I think if you are confident at your level of training and understand the correct way of going and how to get the best out of your horse, then these guinea-pig riding sessions are a useful exercise. You only contribute your time and effort, the coaches are all BD trained, many of them judges, so it’s useful to get another point of view and feedback on your horse’s work, and of course you’re doing your bit to help the future of coaching. It’s also useful for young horses. However, if you’re going through a training blip, or aren’t technically secure then it could be detrimental to you and your horse’s state of mind if the trainee coach gives conflicting advice or explanations to your current trainer.
I think I will volunteer again, especially at such a local venue, because there’s very little to lose in the exercise, and the potential to get a few hints and tips.
I had been doing some gridwork with a young pony clubber who’s pony is pretty fast to a fence, with a choppy stride and tends to get very close to the jump. Over a couple of lessons we’d used canter poles and raised canter poles on a grid to improve their rhythm and subsequently the pony jumped out of a much better canter – a consistent rhythm and a better length of stride – with a neater bascule. But towards the end of each session we had a blip. My rider stopped riding so positively; she turned her pony out of the jump, and then in the last lesson flatly refused to do the same exercise which she’d already done perfectly.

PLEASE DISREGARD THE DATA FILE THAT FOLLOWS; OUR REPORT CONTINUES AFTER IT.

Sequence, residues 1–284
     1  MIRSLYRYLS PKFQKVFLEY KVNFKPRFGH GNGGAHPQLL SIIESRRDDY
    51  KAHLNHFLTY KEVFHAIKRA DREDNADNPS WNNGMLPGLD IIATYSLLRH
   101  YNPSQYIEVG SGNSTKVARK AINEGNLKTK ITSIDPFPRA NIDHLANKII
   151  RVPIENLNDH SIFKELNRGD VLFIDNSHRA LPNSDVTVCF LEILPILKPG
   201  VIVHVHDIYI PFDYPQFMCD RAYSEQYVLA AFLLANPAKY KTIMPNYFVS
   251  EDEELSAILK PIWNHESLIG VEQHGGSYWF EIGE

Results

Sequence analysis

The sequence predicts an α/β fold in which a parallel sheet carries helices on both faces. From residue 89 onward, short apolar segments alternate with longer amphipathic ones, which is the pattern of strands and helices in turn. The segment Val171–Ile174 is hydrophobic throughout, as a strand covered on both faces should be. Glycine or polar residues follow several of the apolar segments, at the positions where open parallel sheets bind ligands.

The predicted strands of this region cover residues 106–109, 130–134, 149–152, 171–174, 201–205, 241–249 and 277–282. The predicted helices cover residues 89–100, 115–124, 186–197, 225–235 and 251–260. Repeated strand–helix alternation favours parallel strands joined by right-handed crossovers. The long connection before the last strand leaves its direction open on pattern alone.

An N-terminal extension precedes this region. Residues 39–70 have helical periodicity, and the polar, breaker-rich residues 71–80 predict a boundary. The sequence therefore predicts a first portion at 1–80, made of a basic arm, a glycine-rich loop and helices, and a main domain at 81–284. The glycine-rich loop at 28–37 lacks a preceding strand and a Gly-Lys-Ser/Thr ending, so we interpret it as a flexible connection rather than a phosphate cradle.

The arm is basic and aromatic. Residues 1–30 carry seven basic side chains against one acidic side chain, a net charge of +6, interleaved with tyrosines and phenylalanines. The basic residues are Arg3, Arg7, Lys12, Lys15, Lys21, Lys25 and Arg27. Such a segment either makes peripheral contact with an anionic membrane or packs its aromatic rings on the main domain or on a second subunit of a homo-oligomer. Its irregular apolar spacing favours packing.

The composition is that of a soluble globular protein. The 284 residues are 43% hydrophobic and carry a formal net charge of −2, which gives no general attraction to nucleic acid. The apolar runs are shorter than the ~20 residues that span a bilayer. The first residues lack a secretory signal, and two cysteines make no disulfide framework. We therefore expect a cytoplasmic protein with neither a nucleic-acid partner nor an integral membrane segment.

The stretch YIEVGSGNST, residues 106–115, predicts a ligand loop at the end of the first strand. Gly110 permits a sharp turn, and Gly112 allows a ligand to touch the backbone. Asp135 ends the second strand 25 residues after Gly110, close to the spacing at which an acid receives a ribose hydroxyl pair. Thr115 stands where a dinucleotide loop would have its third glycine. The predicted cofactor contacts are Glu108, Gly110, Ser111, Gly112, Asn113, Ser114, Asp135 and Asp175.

It was that last one where my rider left her lesson unhappy and I was equally unhappy for a number of reasons. I was puzzled. I was disappointed in myself for not managing to give her a good time. I was frustrated that we had had the desired results, and then it had seemingly all unravelled without me dropping the reel. I did lots of reflection on the way home, and after a long chat with my rider’s Mum afterwards I started to understand the situation, and could make a plan to get out of it.
My rider told her Mum that she got confused by the poles, and couldn’t work out how to ride each pole individually. This is, so I’ve learnt in my research, a trait of some on the autism spectrum. They can’t see the picture as a whole, but tend to focus too much on the little details. I can only relate it to a photo mosaic jigsaw I once had. When you stood back, it was an image of a lion, but when you looked closely you saw it was made up of lots of small images of lions. My rider couldn’t see the main image. This led to her literally trying to ride every pole as a separate element. I did some research into teaching children with autism to look for ideas or explanations which might help my rider, who whilst isn’t autistic seems to interpret gridwork in a different way to most people. There I was told that they can often become upset by patterns or colours, so I decided to ensure I used muted poles in matching pairs to hopefully reduce any sensory overload my rider was having when faced with a line of poles.